has substantially implemented a process having
comprehensive systems to ensure compliance
29. Directors’ Responsibility Statement
with the provisions of all applicable laws and is
Pursuant to section 134 (5) of the Companies Act, operating effectively.
2013 in relation to financial statements (together
with the notes to such financial statements) for the Your Directors place on record their sincere
year 2017-18, the Board of Directors report that: appreciation for the continued support from the
(i) in the preparation of the annual accounts, the shareholders, customers, suppliers, government,
applicable accounting standards have been banks and financial institutions and other business
followed along with proper explanation relating associates.
to material departures;
A particular note of thanks to all employees of
(ii) the Directors have selected such accounting your Company, without whose contribution, your
policies and applied them consistently and Company could not have achieved the year’s
made judgments and estimates that are performance.
reasonable and prudent so as to give a true and
fair view of the state of affairs of the Company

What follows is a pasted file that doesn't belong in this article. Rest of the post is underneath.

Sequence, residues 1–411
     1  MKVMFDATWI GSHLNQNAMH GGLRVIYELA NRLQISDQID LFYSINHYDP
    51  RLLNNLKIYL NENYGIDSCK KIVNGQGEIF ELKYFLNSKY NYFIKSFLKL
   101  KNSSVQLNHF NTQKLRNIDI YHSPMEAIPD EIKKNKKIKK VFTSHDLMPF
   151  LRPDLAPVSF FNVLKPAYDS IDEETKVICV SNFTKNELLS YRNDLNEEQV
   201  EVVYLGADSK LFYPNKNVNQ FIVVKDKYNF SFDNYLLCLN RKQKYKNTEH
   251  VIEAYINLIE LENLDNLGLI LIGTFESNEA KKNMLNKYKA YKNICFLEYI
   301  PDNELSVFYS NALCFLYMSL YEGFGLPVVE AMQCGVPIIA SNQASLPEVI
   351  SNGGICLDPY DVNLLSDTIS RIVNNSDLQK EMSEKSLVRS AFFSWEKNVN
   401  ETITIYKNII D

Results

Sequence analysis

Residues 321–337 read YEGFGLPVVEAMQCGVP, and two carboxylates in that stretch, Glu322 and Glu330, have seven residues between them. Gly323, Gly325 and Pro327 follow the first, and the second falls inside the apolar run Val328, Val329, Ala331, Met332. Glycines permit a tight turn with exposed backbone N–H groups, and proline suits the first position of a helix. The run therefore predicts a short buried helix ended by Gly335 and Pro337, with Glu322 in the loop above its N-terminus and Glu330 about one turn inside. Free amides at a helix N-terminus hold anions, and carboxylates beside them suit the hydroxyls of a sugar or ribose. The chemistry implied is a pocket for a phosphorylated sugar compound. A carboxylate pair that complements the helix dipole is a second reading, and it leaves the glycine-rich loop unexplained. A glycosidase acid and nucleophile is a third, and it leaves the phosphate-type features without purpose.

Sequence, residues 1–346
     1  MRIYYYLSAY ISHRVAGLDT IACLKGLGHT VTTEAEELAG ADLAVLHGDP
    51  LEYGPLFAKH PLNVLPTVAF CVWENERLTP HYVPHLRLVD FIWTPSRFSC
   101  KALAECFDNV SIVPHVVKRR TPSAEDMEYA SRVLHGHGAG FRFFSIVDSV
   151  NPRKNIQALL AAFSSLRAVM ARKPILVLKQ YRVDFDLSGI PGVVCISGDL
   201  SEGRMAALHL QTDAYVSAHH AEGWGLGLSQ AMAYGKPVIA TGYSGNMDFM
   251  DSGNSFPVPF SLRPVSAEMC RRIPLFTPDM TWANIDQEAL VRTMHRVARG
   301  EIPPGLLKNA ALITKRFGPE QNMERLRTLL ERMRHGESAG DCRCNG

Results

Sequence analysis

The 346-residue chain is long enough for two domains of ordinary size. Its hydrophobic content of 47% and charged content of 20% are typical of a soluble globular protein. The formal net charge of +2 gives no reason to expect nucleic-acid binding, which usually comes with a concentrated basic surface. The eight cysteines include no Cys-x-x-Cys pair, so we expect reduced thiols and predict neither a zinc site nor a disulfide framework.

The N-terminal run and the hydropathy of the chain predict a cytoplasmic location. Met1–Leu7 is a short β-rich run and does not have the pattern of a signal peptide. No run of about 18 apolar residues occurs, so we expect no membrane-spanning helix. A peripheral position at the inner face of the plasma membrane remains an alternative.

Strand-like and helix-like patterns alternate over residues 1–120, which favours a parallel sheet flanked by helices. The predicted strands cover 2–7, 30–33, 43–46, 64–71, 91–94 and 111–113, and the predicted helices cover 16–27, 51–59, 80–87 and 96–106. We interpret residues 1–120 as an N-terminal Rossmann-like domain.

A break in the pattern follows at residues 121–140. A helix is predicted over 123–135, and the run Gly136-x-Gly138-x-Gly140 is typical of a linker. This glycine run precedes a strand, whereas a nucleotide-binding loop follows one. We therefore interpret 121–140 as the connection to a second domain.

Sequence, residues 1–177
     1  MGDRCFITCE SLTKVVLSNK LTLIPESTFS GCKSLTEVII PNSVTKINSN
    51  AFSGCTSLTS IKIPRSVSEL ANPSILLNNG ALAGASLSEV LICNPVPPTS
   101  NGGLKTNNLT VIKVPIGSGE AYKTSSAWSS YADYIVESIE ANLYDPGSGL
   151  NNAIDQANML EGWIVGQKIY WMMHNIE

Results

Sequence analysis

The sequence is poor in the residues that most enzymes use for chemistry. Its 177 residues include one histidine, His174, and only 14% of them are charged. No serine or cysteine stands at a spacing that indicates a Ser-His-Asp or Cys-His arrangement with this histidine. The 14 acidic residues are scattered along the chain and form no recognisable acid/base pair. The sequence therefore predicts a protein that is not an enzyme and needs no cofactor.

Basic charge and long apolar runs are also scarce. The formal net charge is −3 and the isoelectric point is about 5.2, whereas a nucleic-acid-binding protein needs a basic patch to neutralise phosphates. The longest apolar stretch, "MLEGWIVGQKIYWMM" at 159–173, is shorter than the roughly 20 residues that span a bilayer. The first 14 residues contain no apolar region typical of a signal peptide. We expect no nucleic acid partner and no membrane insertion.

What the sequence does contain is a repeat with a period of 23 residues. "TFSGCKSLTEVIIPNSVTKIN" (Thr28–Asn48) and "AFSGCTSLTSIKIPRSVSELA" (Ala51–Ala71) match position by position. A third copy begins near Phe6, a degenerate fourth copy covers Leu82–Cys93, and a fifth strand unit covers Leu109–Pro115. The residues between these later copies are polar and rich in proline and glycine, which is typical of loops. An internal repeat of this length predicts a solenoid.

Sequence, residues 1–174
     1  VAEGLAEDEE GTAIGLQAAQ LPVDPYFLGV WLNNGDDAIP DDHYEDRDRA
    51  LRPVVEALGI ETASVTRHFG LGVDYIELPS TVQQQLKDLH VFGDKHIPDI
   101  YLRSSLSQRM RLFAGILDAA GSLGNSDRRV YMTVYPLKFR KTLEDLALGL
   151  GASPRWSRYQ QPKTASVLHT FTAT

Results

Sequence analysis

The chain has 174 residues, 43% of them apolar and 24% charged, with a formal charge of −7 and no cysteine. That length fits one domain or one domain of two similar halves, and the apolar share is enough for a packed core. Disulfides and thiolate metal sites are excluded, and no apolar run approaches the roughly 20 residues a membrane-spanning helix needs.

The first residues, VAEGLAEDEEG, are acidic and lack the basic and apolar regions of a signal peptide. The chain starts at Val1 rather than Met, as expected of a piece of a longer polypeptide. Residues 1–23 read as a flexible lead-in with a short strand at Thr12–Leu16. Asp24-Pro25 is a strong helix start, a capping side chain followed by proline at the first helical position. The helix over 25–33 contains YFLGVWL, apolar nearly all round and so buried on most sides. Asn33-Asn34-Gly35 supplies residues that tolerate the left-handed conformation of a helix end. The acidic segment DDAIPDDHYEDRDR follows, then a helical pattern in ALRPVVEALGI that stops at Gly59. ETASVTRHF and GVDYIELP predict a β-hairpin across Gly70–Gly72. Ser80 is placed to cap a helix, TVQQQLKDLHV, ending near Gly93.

at the end of the financial year and of the profit/
loss of the Company for that period; By Authority of the Board

(iii) the Directors have taken proper and sufficient


care for the maintenance of adequate accounting
records in accordance with the provisions of
the Companies Act, 2013 for safeguarding the
Anand Kripalu Mahendra Kumar Sharma
assets of the Company and for preventing and
MD & CEO Chairman
detecting fraud and other irregularities;
(iv) the Directors have prepared the financial Edinburgh, Scotland
statements on a going concern basis; July 23, 2018

Annual Report 2017-18 31


Corporate Governance Report
1. Company’s Philosophy on Code of Corporate l Three Non-Executive Non-Independent Directors; and
Governance l Five Independent Directors including the Chairman as
stated above.